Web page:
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Old 25-11-2015, 23:46   #46
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Re: Avoiding VAT in Europe

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Originally Posted by northwestsailor View Post
We are US citizens and residents. I do realize, we as US citizens, would only be allowed 90 days in EU but that could be renewed by moving about a bit, I suppose. Or in and out of EU?
The 90 days doesn't renew by moving in and out or around. The clock starts when you go into a Schengen country and stops when you leave a Schengen country for a non Schengen country and then re-continues when you go back into a Schengen country. The clock does not reset for 6 months after the date of your first entry into a Schengen country ie you can have a maximum of 90 days in every 6 months whether those 90 days are contiguous or not.

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Old 26-11-2015, 04:45   #47
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Re: Avoiding VAT in Europe

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Originally Posted by northwestsailor View Post
I do realize, we as US citizens, would only be allowed 90 days in EU but that could be renewed by moving about a bit, I suppose. Or in and out of EU?

s.
You (as a person not a boat) must leave after 90 days for at least 90 days.

In reality, you have to look back at the last 180 days and it can have at most 90 days inside the Schengen area.

So moving about if it includes time outside the Schengen helps. Taking a day trip from say France to Italy and back does nothing because you never left the Schengen.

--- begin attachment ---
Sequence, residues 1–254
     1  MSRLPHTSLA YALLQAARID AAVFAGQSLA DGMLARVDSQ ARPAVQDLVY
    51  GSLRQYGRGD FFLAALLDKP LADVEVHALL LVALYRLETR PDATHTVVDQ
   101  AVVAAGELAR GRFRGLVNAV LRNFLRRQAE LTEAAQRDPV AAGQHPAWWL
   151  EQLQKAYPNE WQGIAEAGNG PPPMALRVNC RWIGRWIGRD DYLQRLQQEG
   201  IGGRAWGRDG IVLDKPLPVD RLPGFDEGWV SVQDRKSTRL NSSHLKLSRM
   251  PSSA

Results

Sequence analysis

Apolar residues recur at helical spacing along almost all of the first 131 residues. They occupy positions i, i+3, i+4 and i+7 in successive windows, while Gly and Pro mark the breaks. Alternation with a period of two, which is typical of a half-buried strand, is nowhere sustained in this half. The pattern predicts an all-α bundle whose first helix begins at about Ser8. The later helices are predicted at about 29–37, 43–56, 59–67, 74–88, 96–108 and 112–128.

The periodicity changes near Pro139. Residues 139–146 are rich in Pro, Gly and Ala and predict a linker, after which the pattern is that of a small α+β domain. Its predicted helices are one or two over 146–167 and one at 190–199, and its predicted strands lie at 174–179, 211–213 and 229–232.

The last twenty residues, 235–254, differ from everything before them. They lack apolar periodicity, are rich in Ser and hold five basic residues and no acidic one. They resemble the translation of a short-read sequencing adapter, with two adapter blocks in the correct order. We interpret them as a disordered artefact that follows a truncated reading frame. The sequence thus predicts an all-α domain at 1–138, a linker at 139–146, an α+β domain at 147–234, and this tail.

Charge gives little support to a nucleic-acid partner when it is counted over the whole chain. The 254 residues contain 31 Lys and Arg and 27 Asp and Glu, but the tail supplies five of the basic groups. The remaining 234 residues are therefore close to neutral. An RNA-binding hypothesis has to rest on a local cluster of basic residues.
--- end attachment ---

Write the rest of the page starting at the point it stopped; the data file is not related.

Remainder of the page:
The boat and VAT is a seperate issue. As a US citizen, the boat can stay for 18 months (extendable up to 24months) and the clock can be reset by leaving for a day and returning.
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Old 26-11-2015, 04:49   #48
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Re: Avoiding VAT in Europe

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Originally Posted by markpierce View Post
Don't understand. So, if one has already paid sales/use tax for a boat in the USA (as much as nine or more percent), is one subject to VAT upon bringing the boat for an extended time in Europe? Do the European taxing authorities give credit for previous taxes paid? Is taxing twice/multiple times the European tactic? Doesn't make sense to pay VAT if boat was purchased an extended time before moving to Europe. Fortunately, VAT hasn't been assessed on baggage (clothing, valuables, and such) when I've visited Europe.
No they don't reduce it by the amount you paid in the USA.

Also VAT runs around 20%, so 9% still leaves quite a bit of tax.

Your baggage doesn't get taxed because it is presumed to go back with you when you leave after a week or two. If your boat stays for 5yrs, it's assumed to have been imported permanently.
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Old 26-11-2015, 21:07   #49
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Re: Avoiding VAT in Europe

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Originally Posted by George DuBose View Post
I am a US citizen with a unexpiring visa for Germany. My boat is in the Netherlands.

It's not as big a deal as some people assume. I submitted a low bill of sale for an old boat. No questions. Paid VAT on that low price.

Shopped around for a firm (wide range of quotes) to make a PCA survey and found a reasonable price from one outfit and when the inspector finished with the boat, he said that there were so few "defects" that needed rectifying that the firm dropped the price another 1000 euros. I paid 2200 euros for the PCA, the boat is now completely CE marked, VAT paid and I can still fly the Stars and Stripes. My boat is USCG documented, so state registration in the US doesn't apply and I am not forced to change the flag.

I do have to check in and out of European countries as I have a US passport, wouldn't matter what flag the boat is flying.